Admittedly, it is hard to argue with the sheer brilliance of the Buckingham/Nicks/McVie line-up. But with McVie back in the band, the set-list highlights the disjunct between the band’s three writers. This is most evident on the run of songs from “Rhiannon” to “Everywhere” and “I Know I’m Not Wrong”: Nicks’ is witchy and soft-focus, McVie’s is bright and nimble while Buckingham’s is left-field and surprisingly angry. Admittedly, McVie brings a balance to the show – both in terms of opening out the set list but also the way she softens the on-stage dynamic. Outwardly, at least, she appears less eccentric than Buckingham and more grounded than Stevie Nicks. She is also thankfully brisk when introducing her songs; unlike her bandmates. Nicks, particularly, takes an age to get to “Gypsy”, by way of a lengthy story from 1968 involving Hendrix, Joplin and a San Francisco clothing store. Buckingham, meanwhile, over shares considerably with his intro to “Big Love”. He begins with an unexpected defence of Tango In The Night – “A very difficult album to make, but as a producer I am proud of the result” – before taking the scenic route round to the song’s meaning. “It was a song about someone who was not in touch,” he says, finally getting there. “It was a contemplation of alienation but is now a meditation on the power and importance of change.”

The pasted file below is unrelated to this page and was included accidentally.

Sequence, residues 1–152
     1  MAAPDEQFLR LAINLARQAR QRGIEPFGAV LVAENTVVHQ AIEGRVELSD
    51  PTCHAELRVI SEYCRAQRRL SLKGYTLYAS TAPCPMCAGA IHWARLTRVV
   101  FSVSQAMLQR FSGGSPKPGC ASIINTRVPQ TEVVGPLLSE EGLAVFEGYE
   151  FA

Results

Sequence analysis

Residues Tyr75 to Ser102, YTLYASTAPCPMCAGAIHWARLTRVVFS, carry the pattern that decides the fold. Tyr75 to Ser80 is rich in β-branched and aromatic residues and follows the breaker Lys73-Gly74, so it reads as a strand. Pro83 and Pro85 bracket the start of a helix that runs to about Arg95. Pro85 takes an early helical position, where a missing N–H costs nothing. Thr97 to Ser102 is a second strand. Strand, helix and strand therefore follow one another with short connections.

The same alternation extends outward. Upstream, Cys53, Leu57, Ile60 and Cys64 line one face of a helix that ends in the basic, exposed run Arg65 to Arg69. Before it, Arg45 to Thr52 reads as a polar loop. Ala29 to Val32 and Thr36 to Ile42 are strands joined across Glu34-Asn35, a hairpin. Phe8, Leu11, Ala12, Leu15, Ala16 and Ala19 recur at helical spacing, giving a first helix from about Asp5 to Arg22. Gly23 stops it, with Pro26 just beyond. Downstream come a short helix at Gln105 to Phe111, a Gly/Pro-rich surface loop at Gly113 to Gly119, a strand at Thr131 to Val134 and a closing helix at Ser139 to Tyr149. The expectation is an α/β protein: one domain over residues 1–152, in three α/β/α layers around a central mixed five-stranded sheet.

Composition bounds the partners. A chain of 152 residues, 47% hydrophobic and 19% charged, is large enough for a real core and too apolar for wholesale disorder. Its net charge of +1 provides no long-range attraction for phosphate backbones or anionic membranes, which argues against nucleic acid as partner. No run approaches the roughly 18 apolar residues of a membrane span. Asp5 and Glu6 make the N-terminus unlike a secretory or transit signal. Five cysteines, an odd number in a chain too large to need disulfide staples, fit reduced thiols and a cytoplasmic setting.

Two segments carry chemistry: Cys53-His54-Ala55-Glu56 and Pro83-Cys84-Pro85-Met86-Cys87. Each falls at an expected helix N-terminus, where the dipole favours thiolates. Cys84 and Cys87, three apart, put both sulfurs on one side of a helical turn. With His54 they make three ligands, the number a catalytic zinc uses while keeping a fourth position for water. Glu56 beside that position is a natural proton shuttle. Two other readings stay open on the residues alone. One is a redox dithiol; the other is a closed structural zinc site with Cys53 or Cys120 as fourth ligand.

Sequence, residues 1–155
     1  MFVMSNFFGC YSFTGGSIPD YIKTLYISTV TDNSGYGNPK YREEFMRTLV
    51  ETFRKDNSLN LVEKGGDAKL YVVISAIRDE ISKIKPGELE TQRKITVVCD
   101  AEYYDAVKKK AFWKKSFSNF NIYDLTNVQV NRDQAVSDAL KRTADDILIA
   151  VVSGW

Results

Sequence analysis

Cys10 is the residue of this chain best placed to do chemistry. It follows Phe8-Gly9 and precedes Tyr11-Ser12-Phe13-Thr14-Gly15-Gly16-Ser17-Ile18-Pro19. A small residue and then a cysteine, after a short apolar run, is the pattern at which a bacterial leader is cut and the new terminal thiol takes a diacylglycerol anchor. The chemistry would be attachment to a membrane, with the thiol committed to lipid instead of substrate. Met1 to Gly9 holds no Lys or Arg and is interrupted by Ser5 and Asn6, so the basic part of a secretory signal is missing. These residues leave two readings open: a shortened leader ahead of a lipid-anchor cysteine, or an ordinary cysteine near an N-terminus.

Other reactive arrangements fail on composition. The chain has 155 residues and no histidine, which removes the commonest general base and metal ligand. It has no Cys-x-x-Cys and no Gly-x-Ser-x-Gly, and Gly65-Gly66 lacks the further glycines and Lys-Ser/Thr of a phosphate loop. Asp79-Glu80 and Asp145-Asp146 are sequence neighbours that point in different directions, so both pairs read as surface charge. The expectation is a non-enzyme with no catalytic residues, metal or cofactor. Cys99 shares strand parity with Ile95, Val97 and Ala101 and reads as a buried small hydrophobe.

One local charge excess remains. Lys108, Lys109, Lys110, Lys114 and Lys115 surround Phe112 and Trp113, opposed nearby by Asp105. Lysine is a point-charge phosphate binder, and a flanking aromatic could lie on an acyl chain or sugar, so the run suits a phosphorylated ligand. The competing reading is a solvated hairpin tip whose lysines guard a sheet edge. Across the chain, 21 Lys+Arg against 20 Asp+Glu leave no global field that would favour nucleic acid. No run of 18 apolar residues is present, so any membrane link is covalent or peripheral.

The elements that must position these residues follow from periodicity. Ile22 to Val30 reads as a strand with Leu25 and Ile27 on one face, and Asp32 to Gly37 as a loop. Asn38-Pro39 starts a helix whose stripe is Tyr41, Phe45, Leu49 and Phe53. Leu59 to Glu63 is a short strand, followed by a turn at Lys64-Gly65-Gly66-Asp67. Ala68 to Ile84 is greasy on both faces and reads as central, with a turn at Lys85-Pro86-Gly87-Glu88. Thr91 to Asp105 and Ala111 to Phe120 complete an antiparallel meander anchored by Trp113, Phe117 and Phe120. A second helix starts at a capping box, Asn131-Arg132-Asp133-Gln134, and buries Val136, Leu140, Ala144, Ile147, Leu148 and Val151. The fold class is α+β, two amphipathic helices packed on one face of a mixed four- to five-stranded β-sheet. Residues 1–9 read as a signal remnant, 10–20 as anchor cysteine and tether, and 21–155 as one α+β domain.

Aside from this talk of change and new chapters, there is nonetheless something telling about the name of this tour: On With The Show. It conjures up images of the band as redoubtable showbiz troopers – which in a sense, is precisely what Fleetwood Mac are these days. For all Buckingham’s talk of “ups and downs” in the band’s history, there is a reassuring sense of professionals at work tonight. He may show-off slightly, but it’s useful to be reminded what a fine player he is, especially on “Big Love”, “Landslide” and “Songbird”. Only the overwhelming oddness of “Tusk” momentarily stops the show’s warm, comfortable vibes. But even Buckingham’s quirks are permissible. Among the most conspicuous of these is the giant image of Buckingham’s head that is beamed onto screen at the rear of the stage during “I Know I’m Not Wrong” – and then, bizarrely, can be seen floating upside down on screens in front of the stage. But for all Buckingham’s idiosyncracies and Nicks’ Twilight theatrics, the heavy lifting is done by the men with their names above the door. Mick Fleetwood might enjoy a little of the thesping done by his band mates – the gong and wind chimes ensemble he brings to bear on “World Turning”, for instance – but as with John McVie there is solid workmanship underpinning the Buckingham/Nicks flamboyance. Indeed, the most unfussy players on stage tonight appear to be the former Mr and Mrs McVie. She is very much Laura Ashley mum, cheerful and polite, effortlessly delivering many of tonight’s best songs; while John McVie remains inscrutable behind his cap and waistcoat. A rarity among Fleetwood Mac, the bassist is the only member of the band to keep his views entirely to himself.